There are only upsides to using diverse voices in your audio advertising
The events of the past several years have placed a newfound emphasis on diversity and inclusion for brands. Several high-profile police killings of black citizens, #MeToo and a slew of policy initiatives aimed at limiting the upward mobility of minority groups has created a social responsibility challenge for brands, many of whom have advocated for societal change, long before the dramatic events of the past few years. Increasingly, brands are feeling enabled to demonstrate significant support for historically marginalized populations, both in their branding and their hiring practices.
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Brands are finding that including a more diverse array of voices in their marketing messages is not only creating healthier company cultures and greater inclusion in their communities, but it’s also increasing engagement with consumers and producing greater brand affinity. Essentially, brands that are making diversity core to their brand’s message are seeing a widely positive influence reverberating from their message expansion.
Take, for instance, career site Indeed, a brand that has benefited greatly from taking a more inclusive approach to its audio advertising.
Many of Indeed’s recent campaigns have focused specifically on female-owned businesses. All of the ads were voiced by a female voiceover talent, and each ad showcased a different female small business owner who used Indeed to help scale her company. The strategy was hugely successful. One such ad scored the highest for driving purchase intent in the March edition of the Audio Ad Index (27 points above the benchmark). Moreover, a clear majority of people surveyed (60%) for our Audio Logo Index said that they’d be more willing to use a career site whose advertising reflected inclusivity and diversity.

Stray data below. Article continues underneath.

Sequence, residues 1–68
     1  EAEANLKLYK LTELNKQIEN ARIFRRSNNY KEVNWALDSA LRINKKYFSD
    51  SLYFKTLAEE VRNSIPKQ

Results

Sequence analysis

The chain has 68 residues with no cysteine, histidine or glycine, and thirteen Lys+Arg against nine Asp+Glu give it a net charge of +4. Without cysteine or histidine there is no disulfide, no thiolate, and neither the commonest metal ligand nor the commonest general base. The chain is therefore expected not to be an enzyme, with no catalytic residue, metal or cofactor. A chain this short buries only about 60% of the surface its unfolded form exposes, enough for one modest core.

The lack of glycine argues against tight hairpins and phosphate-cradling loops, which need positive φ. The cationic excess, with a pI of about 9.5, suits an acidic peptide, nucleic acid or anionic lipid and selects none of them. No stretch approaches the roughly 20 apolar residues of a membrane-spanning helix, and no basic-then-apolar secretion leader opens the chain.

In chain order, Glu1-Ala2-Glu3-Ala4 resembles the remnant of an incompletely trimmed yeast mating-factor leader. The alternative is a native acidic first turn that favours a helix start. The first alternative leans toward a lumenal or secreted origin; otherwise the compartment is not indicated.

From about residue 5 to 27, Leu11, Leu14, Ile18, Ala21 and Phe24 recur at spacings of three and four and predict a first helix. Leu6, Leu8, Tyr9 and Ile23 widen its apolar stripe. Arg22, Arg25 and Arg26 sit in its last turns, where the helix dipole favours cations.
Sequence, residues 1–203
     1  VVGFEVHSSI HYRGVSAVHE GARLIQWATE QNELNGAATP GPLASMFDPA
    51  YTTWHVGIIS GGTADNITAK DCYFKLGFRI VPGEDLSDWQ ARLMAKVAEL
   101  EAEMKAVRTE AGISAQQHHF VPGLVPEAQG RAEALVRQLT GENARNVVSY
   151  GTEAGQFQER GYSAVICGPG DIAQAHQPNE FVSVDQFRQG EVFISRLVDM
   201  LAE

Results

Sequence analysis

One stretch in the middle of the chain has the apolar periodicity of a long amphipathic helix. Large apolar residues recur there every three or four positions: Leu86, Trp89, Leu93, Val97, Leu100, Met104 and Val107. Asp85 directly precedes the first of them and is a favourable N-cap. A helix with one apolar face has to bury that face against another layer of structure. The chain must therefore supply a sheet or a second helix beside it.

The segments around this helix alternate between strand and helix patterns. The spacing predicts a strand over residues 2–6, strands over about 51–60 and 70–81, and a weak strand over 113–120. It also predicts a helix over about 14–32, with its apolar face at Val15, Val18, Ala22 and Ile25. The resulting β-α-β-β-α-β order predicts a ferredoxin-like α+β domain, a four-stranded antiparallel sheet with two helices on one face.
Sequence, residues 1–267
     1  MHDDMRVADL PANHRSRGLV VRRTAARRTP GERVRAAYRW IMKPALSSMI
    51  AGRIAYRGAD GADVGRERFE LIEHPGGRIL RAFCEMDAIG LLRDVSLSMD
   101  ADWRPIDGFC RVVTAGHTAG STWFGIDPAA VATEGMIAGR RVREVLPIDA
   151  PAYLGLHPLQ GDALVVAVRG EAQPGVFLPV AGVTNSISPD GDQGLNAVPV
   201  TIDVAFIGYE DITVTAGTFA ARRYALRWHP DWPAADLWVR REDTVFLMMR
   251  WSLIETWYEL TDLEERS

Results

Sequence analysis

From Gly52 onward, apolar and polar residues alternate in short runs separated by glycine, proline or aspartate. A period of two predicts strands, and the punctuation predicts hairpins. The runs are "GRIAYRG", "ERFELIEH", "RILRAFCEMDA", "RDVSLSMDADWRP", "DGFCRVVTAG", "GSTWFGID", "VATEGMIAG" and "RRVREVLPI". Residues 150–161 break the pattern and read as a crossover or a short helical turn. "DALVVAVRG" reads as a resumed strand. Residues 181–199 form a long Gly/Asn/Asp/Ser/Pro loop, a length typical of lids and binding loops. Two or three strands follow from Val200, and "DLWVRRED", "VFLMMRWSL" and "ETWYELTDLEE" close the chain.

Indeed’s success coincides with broader trends in audio advertising. Other research has proven that consumers respond strongly to female voices, as well as male voices – even with only around 28% of ads having female-voiced narrators historically. In March, we identified the 10 most effective audio ads and found nearly half of them were voiced by women.
It’s not just gender diversity that produces positive results. Studio Resonate, an in-house consultancy at music-streaming giant Pandora/SXM Media, has made racial diversity a focal point of its corporate strategy as part of its Stand for Sonic Diversity Initiative. The group has found that the benefits of diversity extend beyond projecting a socially responsible, inclusive image — in many cases, using a minority voice improves campaign performance naturally, by broadening the audience that will engage with the ad.
Studio Resonate recently completed an experiment designed to test the impact of diversity in audio advertising. For the experiment, the organization produced copy for three audio ads, and hired 20 audio actors to read them — five black males, five black females, five white males and five white females. The ads were then randomly distributed to 13 million listeners on Pandora, the digital radio platform, producing 75 million distinct audio ad impressions.
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According to the study, ads using black voices were judged more favorably by black audiences, but with no negative impact on ad favorability or effectiveness with white consumers. Results will be published in full in the coming months.
In other words, there are only benefits to diversity in audio advertising. There are no downsides.
As brands develop their creative strategies going forward, this insight is remarkably valuable to maintaining and broadening their audience reach. Still, none of this is to say that there still isn’t a lot of room for improvement regarding inclusivity and representation across our industry.
Female voices and those of marginalized communities are still widely underrepresented and underutilized in today’s market, and the raw data demonstrates that this is a profound tactical mistake. Not only is increasing representation in advertising a good marketing decision, it’s core to the societal change that we desperately need to see in the world.
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